The idea of black hyper-sexuality is so popular in France that it becomes the subject of several pseudoscientific examinations.  For example, 18th century French naturalist, Georges-Louis Leclerc De Buffon examines the matter and credits the black with a lascivious sexual appetite that encouraged black women to copulate with apes (Gilman, 83).  Buffon based his claims on the idea that blacks are the antithesis to whites.  If whites are able to maintain moral fortitude then blacks, particularly females, were unable to withstand succumbing to debase sexual desires.  Additionally, blacks were placed on the lowest rung of humanity so it would be easy for Buffon and others to argue the bestial tendencies of blacks.  This antithesis plays out on Manet’s canvas.  Olympia, albeit a prostitute, is polished white and sits upon white linen, Laura on the other hand is very dark and is positioned against a dark green background.  Olympia gazes forward at her visitor (the viewer) while Laura is locked in a perpetually ignored gaze with Olympia.  The setting also corroborates Laura’s sole purpose in this composition; she is there to confirm Olympia’s unspoken proposition of sex.

Figure (4) Titan –Venus of Urbino, 1538

Texts confirm and it is clear that Manet models Olympia from Titan, Venus of Urbino, 1538.  One aspect that is of interest in this examination of sexual suggestion is the flowers that appear in both paintings.  Venus holds a posy of roses in her right hand and covers her pudenda with her left.  Similarly, Manet depicts Olympia covering her pudenda with her left hand; however, he removes the flowers from her possession and gives them to Laura.  This variation suggests that the flowers bear some monumental significance in conveying a quality about the possessor.   Because flowers are the reproductive organs of flowering plants I would argue that Manet gives the bouquet to Laura ensuring that she and her blackness bear the responsibility of introducing the sexual element to the composition.  This decision would support Manet’s claim that “his painting a part of an established tradition through its many references to other paintings of the female nude” (Adler, 61).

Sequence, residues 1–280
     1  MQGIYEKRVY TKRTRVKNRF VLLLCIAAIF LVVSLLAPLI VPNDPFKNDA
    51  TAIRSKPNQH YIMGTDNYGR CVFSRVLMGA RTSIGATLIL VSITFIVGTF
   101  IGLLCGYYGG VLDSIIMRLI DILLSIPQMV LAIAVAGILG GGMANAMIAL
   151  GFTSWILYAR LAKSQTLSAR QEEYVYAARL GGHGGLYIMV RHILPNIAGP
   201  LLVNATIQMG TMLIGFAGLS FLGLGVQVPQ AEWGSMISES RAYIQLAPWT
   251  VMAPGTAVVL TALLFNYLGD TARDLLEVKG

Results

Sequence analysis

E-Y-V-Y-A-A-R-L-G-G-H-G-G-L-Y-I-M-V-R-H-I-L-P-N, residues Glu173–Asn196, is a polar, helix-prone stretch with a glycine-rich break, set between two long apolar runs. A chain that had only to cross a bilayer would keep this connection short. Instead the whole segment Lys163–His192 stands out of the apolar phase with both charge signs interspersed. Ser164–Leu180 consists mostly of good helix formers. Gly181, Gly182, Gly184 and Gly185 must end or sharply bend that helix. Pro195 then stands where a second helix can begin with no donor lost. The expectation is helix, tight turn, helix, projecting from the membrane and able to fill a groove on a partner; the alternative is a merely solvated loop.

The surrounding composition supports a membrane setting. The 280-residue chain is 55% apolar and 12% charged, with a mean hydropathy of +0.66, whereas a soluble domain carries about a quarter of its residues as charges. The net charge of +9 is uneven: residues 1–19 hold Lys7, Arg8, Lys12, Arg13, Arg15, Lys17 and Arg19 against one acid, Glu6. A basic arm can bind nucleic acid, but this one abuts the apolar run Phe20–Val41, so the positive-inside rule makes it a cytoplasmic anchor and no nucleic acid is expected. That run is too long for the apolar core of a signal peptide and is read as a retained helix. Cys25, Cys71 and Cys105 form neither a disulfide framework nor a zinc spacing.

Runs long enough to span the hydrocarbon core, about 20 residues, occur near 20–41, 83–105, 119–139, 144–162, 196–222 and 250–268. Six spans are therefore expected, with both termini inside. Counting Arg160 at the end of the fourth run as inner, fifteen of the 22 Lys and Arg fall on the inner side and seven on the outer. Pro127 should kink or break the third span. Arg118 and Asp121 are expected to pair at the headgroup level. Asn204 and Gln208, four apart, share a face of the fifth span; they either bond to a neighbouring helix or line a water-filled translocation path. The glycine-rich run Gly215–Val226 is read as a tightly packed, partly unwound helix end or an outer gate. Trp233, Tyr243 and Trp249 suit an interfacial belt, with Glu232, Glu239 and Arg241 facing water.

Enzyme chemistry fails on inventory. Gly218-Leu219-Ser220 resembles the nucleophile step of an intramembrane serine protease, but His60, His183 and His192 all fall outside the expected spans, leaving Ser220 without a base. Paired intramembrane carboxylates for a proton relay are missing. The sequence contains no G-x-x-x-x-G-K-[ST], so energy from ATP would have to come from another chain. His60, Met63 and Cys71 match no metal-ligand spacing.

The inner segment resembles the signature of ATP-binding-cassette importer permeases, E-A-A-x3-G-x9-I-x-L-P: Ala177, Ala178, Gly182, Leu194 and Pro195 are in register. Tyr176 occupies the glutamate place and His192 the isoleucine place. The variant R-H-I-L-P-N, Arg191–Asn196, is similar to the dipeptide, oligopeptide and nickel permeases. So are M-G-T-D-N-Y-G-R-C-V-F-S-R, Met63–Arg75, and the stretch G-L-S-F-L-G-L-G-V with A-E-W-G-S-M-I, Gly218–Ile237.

Figure (5) Anne Louis Girodet – Portrait of Citizen Belley, 1797

In the eighteenth and nineteenth centuries, the use of blacks in European art and literature became popular.   One use of black figures in European art would be to communicate political statements.  For example, Anne-Louis Girodet’s, Portrait of Citizen Belley, 1797 (figure 5) was commissioned to communicate statements of French humanitarianism and the victories of abolition and racial equality (Gilman, 25).  Another use of black figures was to demonstrate artist’s skills and technical ability.  Théodore Géricault’s, Raft of Medusa, 1819 (figure 6) and Eugène Delacroix’s, The Death of Sardanapalus, 1827(figure 7) illustrate these artists careful study of non-stereotypical black figures.  Even though, the characters are placed in violent and sexualized settings, the depictions of these figures do not adhere to the type explored by Manet in Olympia.  These works provide Manet with a reference of artists removing black characters from a racist vernacular sometime implemented in the eighteenth and nineteenth century.